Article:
The Old Fabric of England

By Will Baskin-Gerwitz

As football news goes, the press releases and staged media events on Tuesday afternoon off-days don’t register loudly in the mind of the casual fan. Certainly, in the context of Everton’s season — their new Spanish manager and the attacking verve that has put them on the brink of a Champions League place — the threshold for interest by Toffees is still higher. Even if you were to narrow it to news of aesthetics, the update of the club’s badge and the lackluster response is still likely much bigger news than the announcement that the club has signed with its third kit maker in four years.

For me, though, and surely for some other football fans, Roberto Martinez’ tour of a Manchester kit factory with 11 lucky Evertonians is some of the most exciting off-field news of the year. My joy really has little to do with the club and its new five year deal, but rather the sponsor. After being condemned to irrelevance, Umbro is returning to English football.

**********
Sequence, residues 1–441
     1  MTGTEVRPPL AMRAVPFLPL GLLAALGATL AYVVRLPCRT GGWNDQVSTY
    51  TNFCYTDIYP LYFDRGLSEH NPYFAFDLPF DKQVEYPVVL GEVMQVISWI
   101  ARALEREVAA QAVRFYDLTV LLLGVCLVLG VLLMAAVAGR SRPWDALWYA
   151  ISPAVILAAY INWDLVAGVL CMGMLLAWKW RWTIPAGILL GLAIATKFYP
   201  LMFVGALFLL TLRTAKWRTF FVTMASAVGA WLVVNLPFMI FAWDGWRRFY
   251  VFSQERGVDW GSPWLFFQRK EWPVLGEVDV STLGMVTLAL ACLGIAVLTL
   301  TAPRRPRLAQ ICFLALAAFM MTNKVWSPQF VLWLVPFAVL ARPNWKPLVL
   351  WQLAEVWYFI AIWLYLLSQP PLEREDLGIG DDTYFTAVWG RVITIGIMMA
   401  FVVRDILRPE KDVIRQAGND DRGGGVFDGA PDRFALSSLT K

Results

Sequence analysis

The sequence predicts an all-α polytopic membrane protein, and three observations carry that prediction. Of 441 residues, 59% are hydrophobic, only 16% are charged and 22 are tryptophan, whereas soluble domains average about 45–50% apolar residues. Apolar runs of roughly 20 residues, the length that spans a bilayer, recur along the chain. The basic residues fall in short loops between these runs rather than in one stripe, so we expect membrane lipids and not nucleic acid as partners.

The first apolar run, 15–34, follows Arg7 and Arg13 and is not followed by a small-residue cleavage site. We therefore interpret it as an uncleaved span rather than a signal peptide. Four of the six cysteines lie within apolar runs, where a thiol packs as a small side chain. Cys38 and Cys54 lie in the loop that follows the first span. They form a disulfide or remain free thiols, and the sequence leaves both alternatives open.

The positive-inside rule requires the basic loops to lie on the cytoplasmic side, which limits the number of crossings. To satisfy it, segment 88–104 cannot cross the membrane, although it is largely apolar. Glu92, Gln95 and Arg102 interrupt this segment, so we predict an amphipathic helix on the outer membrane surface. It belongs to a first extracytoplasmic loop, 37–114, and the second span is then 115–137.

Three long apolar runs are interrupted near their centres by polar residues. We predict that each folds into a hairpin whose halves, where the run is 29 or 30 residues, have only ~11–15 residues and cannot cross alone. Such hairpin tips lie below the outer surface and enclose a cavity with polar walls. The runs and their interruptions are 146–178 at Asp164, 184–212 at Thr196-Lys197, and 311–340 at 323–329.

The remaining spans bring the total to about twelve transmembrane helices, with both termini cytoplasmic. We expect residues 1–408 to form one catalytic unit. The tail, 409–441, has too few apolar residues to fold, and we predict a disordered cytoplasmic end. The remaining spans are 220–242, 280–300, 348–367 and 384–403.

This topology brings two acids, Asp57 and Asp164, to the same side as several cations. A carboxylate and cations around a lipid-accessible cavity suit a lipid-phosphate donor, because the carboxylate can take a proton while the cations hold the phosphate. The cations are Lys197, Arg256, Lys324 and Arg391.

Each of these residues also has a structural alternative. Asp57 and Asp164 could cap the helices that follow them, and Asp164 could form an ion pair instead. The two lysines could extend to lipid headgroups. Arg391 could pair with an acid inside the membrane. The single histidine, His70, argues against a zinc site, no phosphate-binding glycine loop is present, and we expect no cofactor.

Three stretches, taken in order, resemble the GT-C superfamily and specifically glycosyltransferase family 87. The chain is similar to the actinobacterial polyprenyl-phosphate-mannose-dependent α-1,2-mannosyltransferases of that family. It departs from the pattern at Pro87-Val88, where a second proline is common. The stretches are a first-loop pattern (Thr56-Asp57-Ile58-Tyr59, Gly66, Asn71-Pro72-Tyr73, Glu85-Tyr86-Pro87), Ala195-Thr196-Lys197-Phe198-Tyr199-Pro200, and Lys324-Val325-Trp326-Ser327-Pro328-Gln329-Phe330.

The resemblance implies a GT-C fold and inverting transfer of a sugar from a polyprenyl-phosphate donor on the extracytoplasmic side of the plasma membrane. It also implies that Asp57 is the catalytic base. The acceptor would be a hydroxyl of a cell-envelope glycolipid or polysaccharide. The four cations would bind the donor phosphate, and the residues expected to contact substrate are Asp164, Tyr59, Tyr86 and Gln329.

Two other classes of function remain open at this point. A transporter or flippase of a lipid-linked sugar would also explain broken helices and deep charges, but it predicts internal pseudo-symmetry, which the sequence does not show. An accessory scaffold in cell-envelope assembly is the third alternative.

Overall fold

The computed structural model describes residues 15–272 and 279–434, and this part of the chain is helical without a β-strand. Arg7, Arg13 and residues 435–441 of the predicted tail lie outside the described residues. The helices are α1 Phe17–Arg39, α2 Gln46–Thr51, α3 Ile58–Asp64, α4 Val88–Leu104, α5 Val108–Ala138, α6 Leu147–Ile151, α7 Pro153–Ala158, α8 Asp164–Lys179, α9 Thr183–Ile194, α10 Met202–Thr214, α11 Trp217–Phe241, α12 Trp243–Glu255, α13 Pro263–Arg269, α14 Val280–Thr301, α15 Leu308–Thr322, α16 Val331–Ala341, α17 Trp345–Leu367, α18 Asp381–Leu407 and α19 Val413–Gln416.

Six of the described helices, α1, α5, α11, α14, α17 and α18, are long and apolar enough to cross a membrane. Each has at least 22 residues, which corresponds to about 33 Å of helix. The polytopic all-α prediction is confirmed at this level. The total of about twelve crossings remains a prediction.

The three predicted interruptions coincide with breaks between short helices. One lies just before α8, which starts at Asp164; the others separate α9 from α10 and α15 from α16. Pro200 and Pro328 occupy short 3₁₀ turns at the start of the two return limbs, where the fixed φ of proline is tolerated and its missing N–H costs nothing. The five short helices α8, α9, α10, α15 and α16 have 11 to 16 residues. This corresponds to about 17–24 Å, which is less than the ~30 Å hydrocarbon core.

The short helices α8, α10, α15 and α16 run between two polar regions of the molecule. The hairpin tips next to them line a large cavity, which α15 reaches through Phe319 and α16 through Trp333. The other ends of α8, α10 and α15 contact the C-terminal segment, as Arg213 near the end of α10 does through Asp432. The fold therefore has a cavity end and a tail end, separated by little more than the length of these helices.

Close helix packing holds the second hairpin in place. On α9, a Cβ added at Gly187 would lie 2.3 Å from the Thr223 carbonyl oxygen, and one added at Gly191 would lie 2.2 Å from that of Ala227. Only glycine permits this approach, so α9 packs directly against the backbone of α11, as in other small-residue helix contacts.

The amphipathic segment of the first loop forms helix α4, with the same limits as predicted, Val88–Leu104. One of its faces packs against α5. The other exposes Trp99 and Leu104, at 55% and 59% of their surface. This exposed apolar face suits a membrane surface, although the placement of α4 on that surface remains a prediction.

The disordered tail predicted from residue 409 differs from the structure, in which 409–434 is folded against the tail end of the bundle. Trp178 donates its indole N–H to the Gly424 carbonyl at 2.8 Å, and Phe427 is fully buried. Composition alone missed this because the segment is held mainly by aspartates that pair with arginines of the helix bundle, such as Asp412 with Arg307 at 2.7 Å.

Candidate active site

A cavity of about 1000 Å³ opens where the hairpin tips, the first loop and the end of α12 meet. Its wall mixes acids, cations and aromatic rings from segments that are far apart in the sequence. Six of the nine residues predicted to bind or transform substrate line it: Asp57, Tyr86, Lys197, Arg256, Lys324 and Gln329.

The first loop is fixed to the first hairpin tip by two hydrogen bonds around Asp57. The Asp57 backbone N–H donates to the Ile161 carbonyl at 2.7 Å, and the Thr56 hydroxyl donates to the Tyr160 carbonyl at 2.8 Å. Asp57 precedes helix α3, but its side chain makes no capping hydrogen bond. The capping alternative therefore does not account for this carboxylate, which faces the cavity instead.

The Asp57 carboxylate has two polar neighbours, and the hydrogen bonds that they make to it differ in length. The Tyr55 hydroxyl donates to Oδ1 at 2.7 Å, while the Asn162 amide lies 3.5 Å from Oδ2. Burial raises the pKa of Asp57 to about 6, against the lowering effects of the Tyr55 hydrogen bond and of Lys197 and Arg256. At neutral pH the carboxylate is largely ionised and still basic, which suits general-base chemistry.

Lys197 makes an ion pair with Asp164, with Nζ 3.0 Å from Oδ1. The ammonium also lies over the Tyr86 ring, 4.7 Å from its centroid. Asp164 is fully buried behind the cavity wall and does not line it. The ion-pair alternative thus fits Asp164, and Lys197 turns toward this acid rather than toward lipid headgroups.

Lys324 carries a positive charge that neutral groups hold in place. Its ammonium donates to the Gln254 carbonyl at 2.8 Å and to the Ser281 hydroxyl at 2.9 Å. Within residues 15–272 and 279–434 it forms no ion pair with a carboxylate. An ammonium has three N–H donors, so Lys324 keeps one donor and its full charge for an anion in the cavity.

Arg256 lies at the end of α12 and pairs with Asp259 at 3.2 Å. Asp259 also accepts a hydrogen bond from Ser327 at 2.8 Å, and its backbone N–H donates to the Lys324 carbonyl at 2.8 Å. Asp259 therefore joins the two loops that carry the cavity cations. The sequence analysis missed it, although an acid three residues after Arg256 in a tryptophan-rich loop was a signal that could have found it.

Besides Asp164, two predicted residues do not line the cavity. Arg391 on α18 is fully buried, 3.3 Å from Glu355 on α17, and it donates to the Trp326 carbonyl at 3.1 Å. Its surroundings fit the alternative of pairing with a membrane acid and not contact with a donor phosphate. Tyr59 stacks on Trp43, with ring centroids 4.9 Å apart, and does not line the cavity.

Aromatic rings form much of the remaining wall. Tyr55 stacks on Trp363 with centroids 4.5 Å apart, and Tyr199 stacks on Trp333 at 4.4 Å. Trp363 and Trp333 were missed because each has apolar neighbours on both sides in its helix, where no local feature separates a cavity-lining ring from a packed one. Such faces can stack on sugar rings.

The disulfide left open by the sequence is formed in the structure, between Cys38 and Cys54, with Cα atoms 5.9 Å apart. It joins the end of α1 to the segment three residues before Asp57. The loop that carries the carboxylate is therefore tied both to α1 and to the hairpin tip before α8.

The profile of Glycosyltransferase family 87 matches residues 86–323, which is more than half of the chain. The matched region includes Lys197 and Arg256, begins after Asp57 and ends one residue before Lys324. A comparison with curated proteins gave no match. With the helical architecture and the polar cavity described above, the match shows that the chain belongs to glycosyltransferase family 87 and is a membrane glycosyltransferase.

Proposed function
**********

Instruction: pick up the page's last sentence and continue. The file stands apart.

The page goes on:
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The Diamond Heist: Was Nike’s Sale of Umbro Ruthless?

By Kyle Elliott, writing from Leeds

The future of a name that has seemingly been an ever-present in the world of football apparel was cast into uncertainty recently, as Nike announced the $225m sale of Umbro, which was acquired in 2008.

Originally a purchase to combat adidas’ absorption of Reebok, Nike announced earlier this year that they’d be listening to offers for the Manchester-based brand, as they felt the Nike Football label had grown to the point where it could serve the needs of Nike’s customer base.

Rumours soon flew that an investment group from South Korea and Sports Direct tycoon Mike Ashley were both ‘in’ for the historic brand; however another detail was also abundantly clear: the offers Nike were getting where well short of the $580m they paid for the Double-Diamond trademark 5 years prior.

Stranger still, rather than ‘dressing up’ the deal further, Nike actually began to make Umbro look like an even worse potential investment for interested parties.

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